Advice for small businesses thinking about starting a blog
There is an abundance of hype around blogging. Some people claim to have made a fortune with their blogs, while others assert blogs are frivolous and a waste of a business’ time. For most small businesses, the truth lies somewhere in between. A well-designed and regularly-updated blog can be a great addition to your marketing mix and sales-generating activities.
This article will explain the pros and cons of blogs for small businesses and give you some expert tips for publishing a successful blog.
Why a blog is great for your small business
- Blogs are great for search engine optimization (SEO). You can incorporate your keywords, the content changes regularly, and other websites will likely link to your posts. Search engines love all of these things.
- If you do it right, you will become a trusted resource for your desired audience. Trust will lead to customer relationships. Relationships lead to profit.
- When a potential customer contacts you after reading your blog, you have the advantage of being a partner instead of a vendor.
- As an expert in your field (hopefully), you should easily be able to create content of value for your desired audience.
Why blogs are terrible for some small businesses
- You have to update a blog frequently for it to matter. If you aren’t updating once a week, any readers you gain will lose interest. Dormant blogs also do nothing for your search engine rankings.
- Your blog must be interesting to your desired audience, or you will be writing to an empty room (forgive the mixed metaphor).
- Blogging is a long-term part of your success. There won’t be immediate gratification, but as you build a reputation and body of work, you will see results.
Things successful bloggers know
Make your blog an integral part of your website. Don’t create a blog that no one can find. Replacing your home page with your blog is often a good solution for small businesses, especially if your home page currently says something generic like, “Welcome!”
Investigate blogging software to find the right option for you. For my clients, I use WordPress blogs. The software is easy to use and highly customizable—and free!
Blogging requires discipline. Make a schedule and stick to it. Create an editorial calendar. Set apart time each week dedicated to writing. If you have trouble doing this, find someone who will hold you accountable.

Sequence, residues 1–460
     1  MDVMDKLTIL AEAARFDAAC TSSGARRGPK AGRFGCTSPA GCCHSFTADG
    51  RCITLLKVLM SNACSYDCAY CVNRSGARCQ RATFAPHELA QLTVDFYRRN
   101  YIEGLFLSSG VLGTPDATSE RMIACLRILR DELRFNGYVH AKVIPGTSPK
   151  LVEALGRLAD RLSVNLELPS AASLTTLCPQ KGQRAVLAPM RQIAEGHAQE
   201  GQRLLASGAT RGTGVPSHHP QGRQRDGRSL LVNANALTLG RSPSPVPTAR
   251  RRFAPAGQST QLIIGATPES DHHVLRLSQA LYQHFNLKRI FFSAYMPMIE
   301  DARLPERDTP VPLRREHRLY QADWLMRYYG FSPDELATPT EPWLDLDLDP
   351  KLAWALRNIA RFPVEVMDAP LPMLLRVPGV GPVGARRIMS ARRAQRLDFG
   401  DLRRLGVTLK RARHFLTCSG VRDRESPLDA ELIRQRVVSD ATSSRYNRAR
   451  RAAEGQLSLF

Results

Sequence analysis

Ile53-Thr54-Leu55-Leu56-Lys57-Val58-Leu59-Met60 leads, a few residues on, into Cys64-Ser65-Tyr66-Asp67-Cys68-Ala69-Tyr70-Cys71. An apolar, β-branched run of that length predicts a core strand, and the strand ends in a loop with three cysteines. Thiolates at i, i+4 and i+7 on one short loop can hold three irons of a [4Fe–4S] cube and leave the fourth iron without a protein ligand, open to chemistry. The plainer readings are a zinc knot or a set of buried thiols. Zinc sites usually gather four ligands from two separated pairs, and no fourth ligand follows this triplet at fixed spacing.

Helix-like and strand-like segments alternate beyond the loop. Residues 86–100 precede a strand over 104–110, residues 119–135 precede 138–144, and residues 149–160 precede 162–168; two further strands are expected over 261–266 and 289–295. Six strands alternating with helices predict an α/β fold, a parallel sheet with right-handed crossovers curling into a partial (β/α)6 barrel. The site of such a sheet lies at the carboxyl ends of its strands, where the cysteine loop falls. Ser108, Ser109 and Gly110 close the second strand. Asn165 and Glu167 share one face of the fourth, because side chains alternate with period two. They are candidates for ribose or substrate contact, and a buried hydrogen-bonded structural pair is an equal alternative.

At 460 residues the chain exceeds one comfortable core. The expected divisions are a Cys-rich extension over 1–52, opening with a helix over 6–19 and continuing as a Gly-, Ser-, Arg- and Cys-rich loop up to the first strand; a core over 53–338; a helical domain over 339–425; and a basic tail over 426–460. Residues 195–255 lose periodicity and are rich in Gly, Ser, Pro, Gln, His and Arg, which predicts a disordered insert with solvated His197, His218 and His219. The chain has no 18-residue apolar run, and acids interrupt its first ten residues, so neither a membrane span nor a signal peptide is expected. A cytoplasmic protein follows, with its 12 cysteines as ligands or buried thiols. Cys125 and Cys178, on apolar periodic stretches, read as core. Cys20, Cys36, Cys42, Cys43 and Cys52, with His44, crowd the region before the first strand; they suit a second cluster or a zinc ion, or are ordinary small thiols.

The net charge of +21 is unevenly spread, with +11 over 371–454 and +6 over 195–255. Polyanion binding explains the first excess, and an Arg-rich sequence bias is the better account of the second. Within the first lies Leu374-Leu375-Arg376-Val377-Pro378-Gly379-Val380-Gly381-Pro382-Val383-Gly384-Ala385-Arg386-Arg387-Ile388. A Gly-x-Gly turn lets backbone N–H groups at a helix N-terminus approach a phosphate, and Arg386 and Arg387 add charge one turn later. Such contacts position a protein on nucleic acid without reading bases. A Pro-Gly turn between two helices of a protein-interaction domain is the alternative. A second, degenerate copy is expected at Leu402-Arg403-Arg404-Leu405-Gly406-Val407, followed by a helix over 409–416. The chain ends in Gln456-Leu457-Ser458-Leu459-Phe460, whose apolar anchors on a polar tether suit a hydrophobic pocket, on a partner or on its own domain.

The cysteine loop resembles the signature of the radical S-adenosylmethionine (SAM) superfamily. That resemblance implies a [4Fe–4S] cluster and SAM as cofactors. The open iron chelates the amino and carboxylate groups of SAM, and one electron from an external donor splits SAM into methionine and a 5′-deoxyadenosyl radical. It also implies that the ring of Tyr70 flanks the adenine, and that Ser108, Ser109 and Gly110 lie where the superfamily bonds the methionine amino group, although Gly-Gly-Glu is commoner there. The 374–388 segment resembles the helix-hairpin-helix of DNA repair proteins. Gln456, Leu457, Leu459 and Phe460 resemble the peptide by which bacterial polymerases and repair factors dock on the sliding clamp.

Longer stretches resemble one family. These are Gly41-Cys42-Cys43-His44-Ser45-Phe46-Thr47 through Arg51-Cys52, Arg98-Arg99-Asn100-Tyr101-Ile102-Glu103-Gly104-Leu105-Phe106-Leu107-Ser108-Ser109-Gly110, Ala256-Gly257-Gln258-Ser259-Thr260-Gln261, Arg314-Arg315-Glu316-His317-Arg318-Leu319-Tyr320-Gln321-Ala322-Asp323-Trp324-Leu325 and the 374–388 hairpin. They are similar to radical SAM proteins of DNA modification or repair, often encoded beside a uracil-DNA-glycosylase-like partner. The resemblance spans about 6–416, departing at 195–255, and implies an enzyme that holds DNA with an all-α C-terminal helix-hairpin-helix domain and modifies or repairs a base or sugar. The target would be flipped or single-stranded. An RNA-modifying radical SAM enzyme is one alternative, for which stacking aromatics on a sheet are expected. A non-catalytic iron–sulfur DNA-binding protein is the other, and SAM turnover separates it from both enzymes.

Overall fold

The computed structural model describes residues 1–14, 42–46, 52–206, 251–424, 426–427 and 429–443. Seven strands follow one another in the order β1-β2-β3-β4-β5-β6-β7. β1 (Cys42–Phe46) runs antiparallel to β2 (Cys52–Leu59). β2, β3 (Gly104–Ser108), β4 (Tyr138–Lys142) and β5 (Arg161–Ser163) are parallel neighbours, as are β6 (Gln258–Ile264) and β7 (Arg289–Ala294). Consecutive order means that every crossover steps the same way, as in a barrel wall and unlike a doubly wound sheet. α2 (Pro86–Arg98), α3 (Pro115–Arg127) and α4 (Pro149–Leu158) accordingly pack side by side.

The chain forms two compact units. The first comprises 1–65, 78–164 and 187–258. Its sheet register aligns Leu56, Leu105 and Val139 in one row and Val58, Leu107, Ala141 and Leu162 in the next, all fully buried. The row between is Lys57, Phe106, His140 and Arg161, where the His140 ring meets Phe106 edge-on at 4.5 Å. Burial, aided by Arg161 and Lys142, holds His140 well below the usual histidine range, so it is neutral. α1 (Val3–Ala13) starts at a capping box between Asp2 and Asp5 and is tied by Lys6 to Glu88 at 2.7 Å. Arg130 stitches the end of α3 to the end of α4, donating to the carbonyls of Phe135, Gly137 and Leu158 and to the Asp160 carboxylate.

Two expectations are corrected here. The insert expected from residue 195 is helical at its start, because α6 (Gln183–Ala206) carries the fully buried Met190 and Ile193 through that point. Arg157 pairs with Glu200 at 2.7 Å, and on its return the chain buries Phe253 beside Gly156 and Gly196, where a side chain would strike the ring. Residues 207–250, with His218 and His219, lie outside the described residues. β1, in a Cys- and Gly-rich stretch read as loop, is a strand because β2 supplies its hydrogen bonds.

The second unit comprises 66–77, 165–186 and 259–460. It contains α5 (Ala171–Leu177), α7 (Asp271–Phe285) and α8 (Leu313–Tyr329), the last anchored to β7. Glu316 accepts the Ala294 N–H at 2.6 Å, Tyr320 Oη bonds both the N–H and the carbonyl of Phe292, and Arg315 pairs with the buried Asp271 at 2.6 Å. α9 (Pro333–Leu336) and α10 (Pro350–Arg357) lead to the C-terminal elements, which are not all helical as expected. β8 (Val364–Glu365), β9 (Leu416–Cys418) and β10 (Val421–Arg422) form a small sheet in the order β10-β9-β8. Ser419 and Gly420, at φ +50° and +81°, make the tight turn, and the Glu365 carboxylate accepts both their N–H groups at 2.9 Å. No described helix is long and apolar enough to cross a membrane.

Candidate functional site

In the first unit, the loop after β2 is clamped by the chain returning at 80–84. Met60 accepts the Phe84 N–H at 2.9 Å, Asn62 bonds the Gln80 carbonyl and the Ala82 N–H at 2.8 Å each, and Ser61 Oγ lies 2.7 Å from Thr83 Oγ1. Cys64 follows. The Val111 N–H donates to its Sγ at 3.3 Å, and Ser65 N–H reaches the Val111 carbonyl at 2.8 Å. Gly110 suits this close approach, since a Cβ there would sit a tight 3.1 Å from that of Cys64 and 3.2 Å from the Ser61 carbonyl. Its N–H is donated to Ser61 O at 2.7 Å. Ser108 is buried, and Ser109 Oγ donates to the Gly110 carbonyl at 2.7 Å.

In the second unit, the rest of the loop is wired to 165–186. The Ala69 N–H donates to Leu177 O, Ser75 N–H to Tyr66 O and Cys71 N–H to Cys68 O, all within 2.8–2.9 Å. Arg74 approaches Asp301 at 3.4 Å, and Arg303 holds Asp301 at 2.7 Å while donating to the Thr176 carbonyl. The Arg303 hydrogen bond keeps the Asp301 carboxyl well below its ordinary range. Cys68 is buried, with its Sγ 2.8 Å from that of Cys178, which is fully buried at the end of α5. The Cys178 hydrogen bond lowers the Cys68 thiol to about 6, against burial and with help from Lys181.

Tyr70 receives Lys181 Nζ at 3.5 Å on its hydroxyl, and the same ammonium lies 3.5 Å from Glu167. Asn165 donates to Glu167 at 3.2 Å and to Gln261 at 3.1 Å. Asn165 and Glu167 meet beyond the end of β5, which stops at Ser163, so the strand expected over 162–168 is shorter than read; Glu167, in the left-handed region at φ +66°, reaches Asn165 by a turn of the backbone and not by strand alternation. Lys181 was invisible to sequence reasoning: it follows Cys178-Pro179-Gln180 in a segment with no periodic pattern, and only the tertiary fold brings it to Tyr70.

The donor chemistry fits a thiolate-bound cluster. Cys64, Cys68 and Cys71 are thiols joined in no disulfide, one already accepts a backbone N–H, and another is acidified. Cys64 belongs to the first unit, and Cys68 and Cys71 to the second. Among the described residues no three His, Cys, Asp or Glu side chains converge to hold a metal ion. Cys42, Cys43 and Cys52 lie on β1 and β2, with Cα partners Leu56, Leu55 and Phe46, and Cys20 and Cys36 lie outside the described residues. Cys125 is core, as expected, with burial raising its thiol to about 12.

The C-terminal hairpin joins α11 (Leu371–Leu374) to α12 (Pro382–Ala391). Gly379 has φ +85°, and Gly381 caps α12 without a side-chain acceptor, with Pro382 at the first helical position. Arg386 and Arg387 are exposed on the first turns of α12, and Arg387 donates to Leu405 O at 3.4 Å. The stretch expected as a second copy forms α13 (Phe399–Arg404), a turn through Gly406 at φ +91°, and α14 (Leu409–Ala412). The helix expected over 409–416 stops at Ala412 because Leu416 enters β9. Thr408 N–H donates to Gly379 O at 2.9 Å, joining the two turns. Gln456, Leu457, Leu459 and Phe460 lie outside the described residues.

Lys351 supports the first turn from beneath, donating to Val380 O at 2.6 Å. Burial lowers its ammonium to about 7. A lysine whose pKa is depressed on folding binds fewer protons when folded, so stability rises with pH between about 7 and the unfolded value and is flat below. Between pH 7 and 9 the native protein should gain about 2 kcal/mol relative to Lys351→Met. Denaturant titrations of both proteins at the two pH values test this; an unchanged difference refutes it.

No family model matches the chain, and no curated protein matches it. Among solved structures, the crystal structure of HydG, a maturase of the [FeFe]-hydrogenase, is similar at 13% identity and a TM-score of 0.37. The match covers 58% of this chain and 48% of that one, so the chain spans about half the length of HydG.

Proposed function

Get a professional editor who knows your goals. Regina Spektor has a song all about editing, and she sings, “You can write, but you can’t edit.” She might as well be singing to the world, because behind every great writer is a great editor. If you want proof, ask for my original draft of this article.
Work on finding “your voice.” Every great writer has a distinctive voice. Writers aren’t born with these voices; they cultivate them. A professional editor will also help with your writer’s voice.
If you have trouble getting started writing, or your sentences come out in an incoherent jumble, just start typing exactly how you talk. Imagine you are talking to a friend, potential client or your aunt—whatever makes you comfortable. Consider getting a voice recorder and speaking your posts before you write them.
If you want other bloggers to visit your blog, post links to articles and to comment, you have to do the same for them. It’s as simple as the biblical advice in Proverbs, “A man that hath friends must show himself friendly.” Just replace “man” with “blogger.”
Learn about (or hire someone who knows about) search engine optimization. All the concepts from my post on growing visitors to your website apply. If you do SEO right, your blog will be tailor-made for helping the people searching for your products and services to find your website instead of your competitors’.
Write really useful articles for your desired audience. For example, if you are a caterer, consider writing about the top five appetizers to impress guests rather than the latest innovations in keeping food warm. A caterer wants potential clients to find her blog, not necessarily industry-insiders.
Thinking about starting a blog for your small business but still need more advice? Feel free to give me a call or email me with your questions—513.833.4203 or firstname.lastname@example.org
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